Winterizing for everyone: Insulation tips

Posted by Woodrow Aames ~ October 23, 2011

Come winter, consumers and homeowners have questions about the kind of insulation that works best in their homes. Of course, the answer varies based on your location, existing insulation, how much space you have to insulate and whether the area to insulate is accessible (for hand installation) or inaccessible (requiring spray-on products).

Before you even begin, it's important to realize that there is a huge difference between insulating your home and protecting your home against air breaks or unwanted air flow. That means, in addition to installing good insulation, you'll need to damn up and air leaks that exist in walls, windows and doors where air can move from room to room or from the exteriors into your home. You need to do both to stay warm

Insulation in the ceiling works as warm air rises in the house and tries to escape through the roof. Insulation, in the form of batting, blankets and foams prevents air flow and movement, ultimately protecting against heat loss.

Looking at insulation products

Blankets and batts are hand-cut, hand-installed sections of insulation made from fiberglass or rock wool that are positioned to fit around open sections between wall studs and jousts. Batts can be backed with vapor-retardant or flame-retardant materials. Blown-in insulation products made of cellulose, fiberglass, or rock wool pellets can be shot into areas where hand-installed rolls and blankets cannot be fit. It's often a good choice for large open areas, wall cavities, or floors in unfinished attics.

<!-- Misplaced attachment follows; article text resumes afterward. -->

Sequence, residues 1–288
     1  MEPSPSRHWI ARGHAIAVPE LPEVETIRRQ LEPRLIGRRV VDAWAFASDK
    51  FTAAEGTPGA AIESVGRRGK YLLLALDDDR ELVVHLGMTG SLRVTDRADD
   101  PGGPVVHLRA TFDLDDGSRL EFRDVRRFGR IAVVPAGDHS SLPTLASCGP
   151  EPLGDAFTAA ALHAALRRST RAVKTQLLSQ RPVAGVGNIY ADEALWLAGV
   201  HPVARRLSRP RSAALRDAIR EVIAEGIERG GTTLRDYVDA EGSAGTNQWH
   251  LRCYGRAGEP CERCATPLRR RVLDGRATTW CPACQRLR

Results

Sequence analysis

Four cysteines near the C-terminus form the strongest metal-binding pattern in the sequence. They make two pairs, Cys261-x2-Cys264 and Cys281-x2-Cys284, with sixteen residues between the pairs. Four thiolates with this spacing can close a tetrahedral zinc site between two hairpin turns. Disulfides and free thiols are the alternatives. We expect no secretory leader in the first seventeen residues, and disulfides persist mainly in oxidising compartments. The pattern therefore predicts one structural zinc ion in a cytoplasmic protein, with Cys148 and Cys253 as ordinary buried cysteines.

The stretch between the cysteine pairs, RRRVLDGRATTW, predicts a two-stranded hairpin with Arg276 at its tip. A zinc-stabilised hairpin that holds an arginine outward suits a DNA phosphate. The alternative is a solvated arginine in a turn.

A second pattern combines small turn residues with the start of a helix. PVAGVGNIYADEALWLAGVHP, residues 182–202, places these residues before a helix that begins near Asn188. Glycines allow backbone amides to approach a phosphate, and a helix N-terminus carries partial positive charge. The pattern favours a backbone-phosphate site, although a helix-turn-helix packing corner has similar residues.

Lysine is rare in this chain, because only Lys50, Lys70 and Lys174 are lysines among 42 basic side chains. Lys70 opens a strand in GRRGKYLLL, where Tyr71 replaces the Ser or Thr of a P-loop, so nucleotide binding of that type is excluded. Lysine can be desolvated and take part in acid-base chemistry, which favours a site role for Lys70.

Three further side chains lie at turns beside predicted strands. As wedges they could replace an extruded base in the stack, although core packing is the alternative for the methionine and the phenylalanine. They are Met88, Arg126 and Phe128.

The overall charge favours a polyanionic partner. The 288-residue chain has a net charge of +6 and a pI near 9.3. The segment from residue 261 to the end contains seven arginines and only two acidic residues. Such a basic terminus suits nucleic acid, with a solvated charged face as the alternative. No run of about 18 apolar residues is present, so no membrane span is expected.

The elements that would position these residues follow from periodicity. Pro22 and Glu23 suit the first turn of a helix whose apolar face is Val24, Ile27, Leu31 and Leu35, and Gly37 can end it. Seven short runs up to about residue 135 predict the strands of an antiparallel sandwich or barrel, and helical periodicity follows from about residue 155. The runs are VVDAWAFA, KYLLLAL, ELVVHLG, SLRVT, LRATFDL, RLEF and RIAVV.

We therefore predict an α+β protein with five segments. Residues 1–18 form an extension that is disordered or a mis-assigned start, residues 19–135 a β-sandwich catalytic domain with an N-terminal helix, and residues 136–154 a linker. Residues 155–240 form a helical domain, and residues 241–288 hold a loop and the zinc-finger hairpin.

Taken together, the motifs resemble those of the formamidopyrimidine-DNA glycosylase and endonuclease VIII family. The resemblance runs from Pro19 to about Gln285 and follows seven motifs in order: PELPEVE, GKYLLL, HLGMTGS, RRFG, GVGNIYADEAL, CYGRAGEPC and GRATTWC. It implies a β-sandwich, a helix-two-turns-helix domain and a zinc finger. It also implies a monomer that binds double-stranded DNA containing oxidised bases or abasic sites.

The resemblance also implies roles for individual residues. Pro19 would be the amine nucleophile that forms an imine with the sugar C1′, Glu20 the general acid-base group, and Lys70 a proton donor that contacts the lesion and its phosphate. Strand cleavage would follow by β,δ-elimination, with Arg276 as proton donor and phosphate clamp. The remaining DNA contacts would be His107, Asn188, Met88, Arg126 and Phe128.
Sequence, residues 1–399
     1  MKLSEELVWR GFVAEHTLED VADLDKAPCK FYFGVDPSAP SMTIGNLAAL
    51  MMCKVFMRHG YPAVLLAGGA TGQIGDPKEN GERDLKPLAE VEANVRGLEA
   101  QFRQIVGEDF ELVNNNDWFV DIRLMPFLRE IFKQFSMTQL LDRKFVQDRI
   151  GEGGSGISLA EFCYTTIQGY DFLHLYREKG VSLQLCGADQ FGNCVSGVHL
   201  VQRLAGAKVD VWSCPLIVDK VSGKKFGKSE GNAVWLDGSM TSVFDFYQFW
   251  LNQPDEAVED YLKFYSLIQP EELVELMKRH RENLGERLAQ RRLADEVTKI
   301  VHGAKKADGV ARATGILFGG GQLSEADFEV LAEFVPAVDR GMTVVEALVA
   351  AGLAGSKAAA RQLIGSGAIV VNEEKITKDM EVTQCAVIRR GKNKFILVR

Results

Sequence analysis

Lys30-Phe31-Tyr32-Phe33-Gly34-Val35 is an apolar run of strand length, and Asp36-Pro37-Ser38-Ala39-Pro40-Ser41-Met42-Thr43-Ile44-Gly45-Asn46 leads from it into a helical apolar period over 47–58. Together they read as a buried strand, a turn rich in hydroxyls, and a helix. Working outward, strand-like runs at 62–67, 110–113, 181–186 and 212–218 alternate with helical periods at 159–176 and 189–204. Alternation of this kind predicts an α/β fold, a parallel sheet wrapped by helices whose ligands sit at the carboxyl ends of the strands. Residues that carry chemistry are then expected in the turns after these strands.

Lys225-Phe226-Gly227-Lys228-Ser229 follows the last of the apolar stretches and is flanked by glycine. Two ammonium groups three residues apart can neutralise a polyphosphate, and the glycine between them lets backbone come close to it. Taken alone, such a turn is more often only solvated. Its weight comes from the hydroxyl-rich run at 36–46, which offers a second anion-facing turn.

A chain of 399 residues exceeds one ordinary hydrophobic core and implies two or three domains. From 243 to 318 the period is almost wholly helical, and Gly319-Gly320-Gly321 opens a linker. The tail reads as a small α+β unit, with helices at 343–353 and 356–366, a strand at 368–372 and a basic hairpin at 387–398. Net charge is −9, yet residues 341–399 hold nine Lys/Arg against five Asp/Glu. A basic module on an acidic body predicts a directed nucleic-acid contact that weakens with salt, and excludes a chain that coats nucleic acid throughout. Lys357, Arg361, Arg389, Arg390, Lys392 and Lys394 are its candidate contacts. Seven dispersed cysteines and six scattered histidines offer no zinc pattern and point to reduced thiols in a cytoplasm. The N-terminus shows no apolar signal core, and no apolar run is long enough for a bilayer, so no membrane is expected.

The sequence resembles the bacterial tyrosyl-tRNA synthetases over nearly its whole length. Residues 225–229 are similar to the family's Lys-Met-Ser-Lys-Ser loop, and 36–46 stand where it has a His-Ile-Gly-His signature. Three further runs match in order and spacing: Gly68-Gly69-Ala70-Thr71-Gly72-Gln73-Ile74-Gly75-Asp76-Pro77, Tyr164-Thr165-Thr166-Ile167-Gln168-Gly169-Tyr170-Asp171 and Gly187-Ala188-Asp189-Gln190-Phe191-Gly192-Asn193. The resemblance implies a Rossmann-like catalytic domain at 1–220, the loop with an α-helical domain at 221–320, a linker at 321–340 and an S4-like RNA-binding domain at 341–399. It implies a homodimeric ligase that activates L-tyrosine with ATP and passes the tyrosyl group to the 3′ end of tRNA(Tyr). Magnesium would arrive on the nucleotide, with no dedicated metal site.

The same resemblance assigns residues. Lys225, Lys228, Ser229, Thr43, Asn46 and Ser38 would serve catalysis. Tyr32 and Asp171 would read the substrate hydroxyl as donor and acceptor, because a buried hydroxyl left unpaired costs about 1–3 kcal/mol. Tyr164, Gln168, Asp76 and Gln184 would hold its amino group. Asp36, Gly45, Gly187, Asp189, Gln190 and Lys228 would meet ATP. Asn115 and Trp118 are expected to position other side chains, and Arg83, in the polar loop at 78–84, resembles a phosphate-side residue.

Foam insulation made of polyisocyanurate and polyurethane is blown into place by professionals. Closed-cell products offer higher insulation values in limited spaces. Rigid isolation comes in p[re-cut sections of fibrous materials or plastic foams and can be used in walls or foundation areas You can read more about insulation types at the Oak Ridge National Laboratory website.

Find your insulation rating for your region

R-values are key in determining the appropriate, cost-effective insulation for the climate where you live. Read up on them at the Energy Star website.

The U.S. Department of Energy provides homeowners with an extensive fact sheet on insulation by type and use by region. Click on the map and the chart below and you'll find the government recommended R-value ratings for your part of the country:

Map from Energy Star

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